Throughout the Crusades, the Venetians and other Italian trading cities kept up a profitable trade with their Muslim counterparts, resulting in a great many Arabic words surviving in Venetian dialect and a profound Islamic influence on Venetian architecture.8 Even Christian clerics who cohabited with Muslims in the Crusader kingdoms came to realize that as much bound them together as separated them. As William of Tripoli reported from Acre in 1272: “Though their beliefs are wrapped up in many lies and decorated with fictions, yet it now manifestly appears that they are near to the Christian faith and not far from the path of salvation.” At the same time the Muslim traveler Ibn Jubayr noted that despite the military struggles for control of Palestine, “yet Muslims and Christian travellers will come and go between them without interference.”

There was of course no shortage of travelers on both sides who could see no good in the infidels among whom they were obliged to mingle, and deep tensions often existed between Muslim rulers and the diverse religious communities living under their capricious thumb. By modern standards Christians and Jews under Muslim rule—the dhimmi—were treated as second-class citizens. But there was at least a kind of pluralist equilibrium (what Spanish historians have called convivencia, or “living together”) which had no parallel in Christendom and which in Spain was lost soon after the completion of the Christian reconquista. On taking Grenada on January 2, 1492, the Catholic kings expelled the Moors and Jews, and let loose the Inquisition on those—the New Christians—who had converted. There was a similar pattern in Sicily. After a fruitful period of tolerant coexistence under the Norman kings, the Muslims were later given a blunt choice of transportation or conversion.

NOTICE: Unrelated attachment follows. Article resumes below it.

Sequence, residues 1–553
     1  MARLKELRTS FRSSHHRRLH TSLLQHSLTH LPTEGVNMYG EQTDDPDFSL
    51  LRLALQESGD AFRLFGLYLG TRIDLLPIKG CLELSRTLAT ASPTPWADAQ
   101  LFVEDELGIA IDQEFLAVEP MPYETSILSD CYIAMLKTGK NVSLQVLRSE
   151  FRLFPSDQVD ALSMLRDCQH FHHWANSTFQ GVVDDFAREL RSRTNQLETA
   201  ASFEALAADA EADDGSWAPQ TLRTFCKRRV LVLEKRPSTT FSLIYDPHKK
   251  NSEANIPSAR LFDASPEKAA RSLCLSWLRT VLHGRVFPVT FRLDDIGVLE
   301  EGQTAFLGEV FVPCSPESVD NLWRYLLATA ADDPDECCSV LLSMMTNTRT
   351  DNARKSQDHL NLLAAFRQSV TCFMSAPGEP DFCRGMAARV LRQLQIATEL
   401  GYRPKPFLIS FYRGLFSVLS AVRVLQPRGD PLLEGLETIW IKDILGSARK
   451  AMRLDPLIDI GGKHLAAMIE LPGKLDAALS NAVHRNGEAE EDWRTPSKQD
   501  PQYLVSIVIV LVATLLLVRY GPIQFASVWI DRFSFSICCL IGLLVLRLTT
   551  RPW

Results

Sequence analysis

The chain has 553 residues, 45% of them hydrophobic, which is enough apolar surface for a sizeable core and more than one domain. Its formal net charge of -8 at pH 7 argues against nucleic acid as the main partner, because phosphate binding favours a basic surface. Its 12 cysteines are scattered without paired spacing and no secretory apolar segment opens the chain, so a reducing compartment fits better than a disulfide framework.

Bernard Lewis’s collection of fifty-one essays, From Babel to Dragomans: Interpreting the Middle East, can be read as an account of the end of an affair: Lewis’s growing irritation with a culture and a people that once thrilled and fascinated him. The book’s contents range from erudite lectures and specialist scholarly essays to light belles-lettres and some stridently polemical journalism. Over the years, however, one can see Lewis’s enthusiasm for matters Muslim slowly but steadily giving way, from the late 1950s onward, to an increasingly negative, disillusioned, and occasionally contemptuous tone. From Babel to Dragomans certainly highlights the complexity of Lewis’s strange love-hate relationship with the Islamic world he has studied since 1933.